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The 61-year-old admitted the presence of the trio proved imperative to his plans, and also played down the controversy surrounding his 'false nine' system

Vicente del Bosque has admitted that without the presence of goalkeeper Iker Casillas and midfielders Xavi and Xabi Alonso in the side, Spain would not have secured a hat-trick of consecutive major trophies.

La Roja became the first side in the history of the European Championship to secure back-to-back titles following a 4-0 thrashing of Italy in the Euro 2012 final in Kiev on Sunday.

With all three players in their 30s, there are fears about Spain's ability to maintain the same level of form in the future, but Del Bosque acknowledged that he has complete faith in the players that are coming through from the country's youth ranks.

"Those players are irreplaceable," the 61-year-old admitted. "Without them, there would be no treble. But I am sure that there are players who can take their places due to our excellent youth work.

"You can see the wealth of talent in the Olympics team. And in the current first team, players like Cesc Fabregas and Santi Cazorla need to wait to take up a bigger role."

Del Bosque, who also led Spain to glory at the 2010 World Cup, confessed that he was not always certain that the team could win the title in Poland and Ukraine and highlighted the semi-final contest against Portugal, which was settled by a penalty shoot-out, as an example.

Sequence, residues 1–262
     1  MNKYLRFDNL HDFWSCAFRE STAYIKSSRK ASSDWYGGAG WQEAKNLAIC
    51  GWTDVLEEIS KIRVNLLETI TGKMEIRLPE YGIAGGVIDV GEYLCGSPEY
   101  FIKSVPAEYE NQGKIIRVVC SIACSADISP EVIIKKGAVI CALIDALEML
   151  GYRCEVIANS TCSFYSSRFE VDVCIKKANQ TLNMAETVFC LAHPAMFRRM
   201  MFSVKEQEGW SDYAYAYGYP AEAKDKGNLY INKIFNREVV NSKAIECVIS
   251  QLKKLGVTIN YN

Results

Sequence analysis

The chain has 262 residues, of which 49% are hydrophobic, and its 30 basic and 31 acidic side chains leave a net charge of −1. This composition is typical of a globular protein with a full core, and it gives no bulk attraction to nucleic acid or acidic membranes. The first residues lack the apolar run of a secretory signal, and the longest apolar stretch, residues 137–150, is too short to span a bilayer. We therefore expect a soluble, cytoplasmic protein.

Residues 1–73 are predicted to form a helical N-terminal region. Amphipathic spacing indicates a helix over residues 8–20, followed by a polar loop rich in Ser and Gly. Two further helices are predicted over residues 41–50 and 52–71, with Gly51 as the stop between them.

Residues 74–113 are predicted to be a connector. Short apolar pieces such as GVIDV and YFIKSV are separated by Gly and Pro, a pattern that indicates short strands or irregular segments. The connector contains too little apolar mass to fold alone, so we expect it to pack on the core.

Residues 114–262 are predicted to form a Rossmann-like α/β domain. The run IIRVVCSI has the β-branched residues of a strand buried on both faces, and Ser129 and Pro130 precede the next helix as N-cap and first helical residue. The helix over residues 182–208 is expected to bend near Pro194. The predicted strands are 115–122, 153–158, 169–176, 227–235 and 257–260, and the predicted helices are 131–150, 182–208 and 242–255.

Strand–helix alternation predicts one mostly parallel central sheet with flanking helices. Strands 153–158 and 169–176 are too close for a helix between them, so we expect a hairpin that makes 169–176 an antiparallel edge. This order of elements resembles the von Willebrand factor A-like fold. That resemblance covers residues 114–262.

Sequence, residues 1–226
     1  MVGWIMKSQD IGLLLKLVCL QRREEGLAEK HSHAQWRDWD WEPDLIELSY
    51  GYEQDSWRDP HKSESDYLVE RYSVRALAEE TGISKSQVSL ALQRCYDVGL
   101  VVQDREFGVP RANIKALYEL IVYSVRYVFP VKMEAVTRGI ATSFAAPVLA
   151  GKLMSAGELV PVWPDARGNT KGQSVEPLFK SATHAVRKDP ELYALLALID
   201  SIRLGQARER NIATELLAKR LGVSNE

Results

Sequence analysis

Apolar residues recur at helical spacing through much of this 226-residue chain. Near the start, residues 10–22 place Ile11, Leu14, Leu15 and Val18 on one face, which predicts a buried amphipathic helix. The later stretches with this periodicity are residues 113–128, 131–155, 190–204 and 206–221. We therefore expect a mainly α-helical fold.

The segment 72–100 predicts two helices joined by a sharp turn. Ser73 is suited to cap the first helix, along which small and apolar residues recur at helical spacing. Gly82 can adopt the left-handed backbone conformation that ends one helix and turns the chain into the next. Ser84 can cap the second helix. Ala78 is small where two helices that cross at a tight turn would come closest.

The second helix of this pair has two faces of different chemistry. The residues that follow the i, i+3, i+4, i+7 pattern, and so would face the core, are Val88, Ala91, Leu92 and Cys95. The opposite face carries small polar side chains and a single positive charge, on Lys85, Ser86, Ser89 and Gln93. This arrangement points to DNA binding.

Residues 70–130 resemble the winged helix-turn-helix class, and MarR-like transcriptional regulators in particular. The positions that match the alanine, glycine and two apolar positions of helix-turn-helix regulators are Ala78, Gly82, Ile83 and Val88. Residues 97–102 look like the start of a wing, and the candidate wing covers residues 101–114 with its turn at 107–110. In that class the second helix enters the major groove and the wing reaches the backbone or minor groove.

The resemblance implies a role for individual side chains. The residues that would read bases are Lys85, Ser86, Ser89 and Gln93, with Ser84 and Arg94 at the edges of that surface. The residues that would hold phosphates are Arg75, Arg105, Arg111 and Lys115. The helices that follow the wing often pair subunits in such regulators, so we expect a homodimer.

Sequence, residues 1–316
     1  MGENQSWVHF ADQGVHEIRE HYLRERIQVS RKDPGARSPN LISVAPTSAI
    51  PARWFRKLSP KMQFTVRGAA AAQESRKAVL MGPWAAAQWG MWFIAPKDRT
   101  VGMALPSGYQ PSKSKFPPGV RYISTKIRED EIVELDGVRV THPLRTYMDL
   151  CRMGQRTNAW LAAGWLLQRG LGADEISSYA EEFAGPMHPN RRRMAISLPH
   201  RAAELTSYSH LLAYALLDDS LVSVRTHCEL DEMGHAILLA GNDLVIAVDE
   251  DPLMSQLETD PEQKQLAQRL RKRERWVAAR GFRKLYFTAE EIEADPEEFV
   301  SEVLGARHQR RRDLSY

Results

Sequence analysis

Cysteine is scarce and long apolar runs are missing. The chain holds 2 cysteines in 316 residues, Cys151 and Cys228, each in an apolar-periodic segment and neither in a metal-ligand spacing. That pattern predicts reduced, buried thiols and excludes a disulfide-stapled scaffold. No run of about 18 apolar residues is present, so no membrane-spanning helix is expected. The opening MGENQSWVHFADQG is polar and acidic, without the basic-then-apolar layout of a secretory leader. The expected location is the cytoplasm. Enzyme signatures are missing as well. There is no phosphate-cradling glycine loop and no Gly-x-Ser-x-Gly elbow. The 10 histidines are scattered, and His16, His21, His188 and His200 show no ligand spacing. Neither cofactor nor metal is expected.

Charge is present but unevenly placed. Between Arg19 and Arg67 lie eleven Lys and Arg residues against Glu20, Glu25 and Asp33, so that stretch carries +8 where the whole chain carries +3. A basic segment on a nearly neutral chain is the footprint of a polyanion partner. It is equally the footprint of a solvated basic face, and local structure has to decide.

"Of course I had doubts," Del Bosque told Kicker. "It is the small details that decide things.

"Bruno Alves' penalty hit the crossbar, and Fabregas' penalty went in off the post. So we were lucky. But I never had any major doubts about my team's quality."

Prior to the tournament, it was feared that the tense relationship between Real Madrid and Barcelona players would have an impact on the atmosphere in Spain's dressing room, but Del Bosque insisted that is not the case.

"This team have shown that they enjoy going further, and above all, that they are not satisfied," he explained. "The behaviour of these players, especially amongst themselves, was exceptionally good.

"We were together for 40 days and there were no incidents. Everyone, including the substitutes, was moving in the same direction."

Del Bosque silenced the critics of his strikerless system with the team's impressive display in the final, and he revealed that he did not pay much attention to such comments.

"In Germany, there was an argument about whether Miroslav Klose or Mario Gomez should play," he said. "In Italy, Mario Balotelli's place was questioned, but then he became the hero.

"Those arguments should be underestimated."

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